Format

Send to

Choose Destination
Nutr J. 2017 Oct 11;16(1):68. doi: 10.1186/s12937-017-0293-y.

Efficacy and safety of turmeric and curcumin in lowering blood lipid levels in patients with cardiovascular risk factors: a meta-analysis of randomized controlled trials.

Qin S1, Huang L1, Gong J1,2, Shen S1,2, Huang J1,2, Ren H2, Hu H3,4.

Author information

1
Department of Clinical Nutrition, The Second Affiliated Hospital of Chongqing Medical University, No.76, Linjiang Road, Chongqing, 400010, People's Republic of China.
2
Department of Infectious Diseases, Institute for Viral Hepatitis, Key Laboratory of Molecular Biology for Infectious Diseases (Ministry of Education), Institute for Viral Hepatitis, The Second Affiliated Hospital of Chongqing Medical University, Chongqing, People's Republic of China.
3
Department of Clinical Nutrition, The Second Affiliated Hospital of Chongqing Medical University, No.76, Linjiang Road, Chongqing, 400010, People's Republic of China. huhuaidong@sina.com.
4
Department of Infectious Diseases, Institute for Viral Hepatitis, Key Laboratory of Molecular Biology for Infectious Diseases (Ministry of Education), Institute for Viral Hepatitis, The Second Affiliated Hospital of Chongqing Medical University, Chongqing, People's Republic of China. huhuaidong@sina.com.

Abstract

BACKGROUND:

Dyslipidemia is an important and common cardiovascular risk factor in the general population. The lipid-lowering effects of turmeric and curcumin are unconfirmed. We performed a meta-analysis to assess the efficacy and safety of turmeric and curcumin in lowering blood lipids in patients at risk of cardiovascular disease (CVD).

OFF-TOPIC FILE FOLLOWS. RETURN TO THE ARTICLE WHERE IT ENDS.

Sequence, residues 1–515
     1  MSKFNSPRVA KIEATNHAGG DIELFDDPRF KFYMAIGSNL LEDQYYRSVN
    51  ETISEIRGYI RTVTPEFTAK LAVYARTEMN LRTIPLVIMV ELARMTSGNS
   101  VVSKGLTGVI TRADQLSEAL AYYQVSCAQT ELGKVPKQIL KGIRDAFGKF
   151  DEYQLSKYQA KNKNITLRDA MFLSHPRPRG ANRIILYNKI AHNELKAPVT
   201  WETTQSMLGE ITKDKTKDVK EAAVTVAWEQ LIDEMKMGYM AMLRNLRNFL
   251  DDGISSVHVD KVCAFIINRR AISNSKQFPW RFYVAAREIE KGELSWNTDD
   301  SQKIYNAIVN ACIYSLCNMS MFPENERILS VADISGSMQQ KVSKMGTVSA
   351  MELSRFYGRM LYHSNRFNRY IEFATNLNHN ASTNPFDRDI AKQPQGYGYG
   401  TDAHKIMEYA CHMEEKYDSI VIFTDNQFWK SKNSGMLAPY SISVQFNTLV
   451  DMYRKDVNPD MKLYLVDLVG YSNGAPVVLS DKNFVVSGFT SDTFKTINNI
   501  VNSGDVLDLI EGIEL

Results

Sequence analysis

METHODS:

A comprehensive literature search was conducted on PubMed, Embase, Ovid, Medline and Cochrane Library databases to identify randomized controlled trials (published as of November 2016) that assessed the effect of turmeric and curcumin on blood lipid levels including total cholesterol (TC), low-density lipoprotein cholesterol (LDL-C), high-density lipoprotein cholesterol (HDL-C), and triglycerides (TG). Pooled standardized mean difference (SMD) with 95% confidence interval (CI) was used to assess the effect.

RESULTS:

The analysis included 7 eligible studies (649 patients). Turmeric and curcumin significantly reduced serum LDL-C (SMD = -0.340, 95% confidence interval [CI]: -0.530 to -0.150, P < 0.0001) and TG (SMD = -0.214, 95% CI: -0.369 to -0.059, P = 0.007) levels as compared to those in the control group. These may be effective in lowering serum TC levels in patients with metabolic syndrome (MetS, SMD = -0.934, 95% CI: -1.289 to -0.579, P < 0.0001), and turmeric extract could possibly have a greater effect on reducing serum TC levels (SMD = -0.584, 95% CI: -0.980 to -0.188, P = 0.004); however, the efficacy is yet to be confirmed. Serum HDL-C levels were not obviously improved. Turmeric and curcumin appeared safe, and no serious adverse events were reported in any of the included studies.

CONCLUSIONS:

Turmeric and curcumin may protect patients at risk of CVD through improving serum lipid levels. Curcumin may be used as a well-tolerated dietary adjunct to conventional drugs. Further research is required to resolve uncertainties related to dosage form, dose and medication frequency of curcumin.

KEYWORDS:

Cardiovascular risk; Cholesterol; Curcumin; Meta-analysis; Triglycerides; Turmeric

PMID:
29020971
PMCID:
PMC5637251
DOI:
10.1186/s12937-017-0293-y
[Indexed for MEDLINE]
Free PMC Article

Supplemental Content

Full text links

Icon for BioMed Central Icon for PubMed Central
Loading ...
Support Center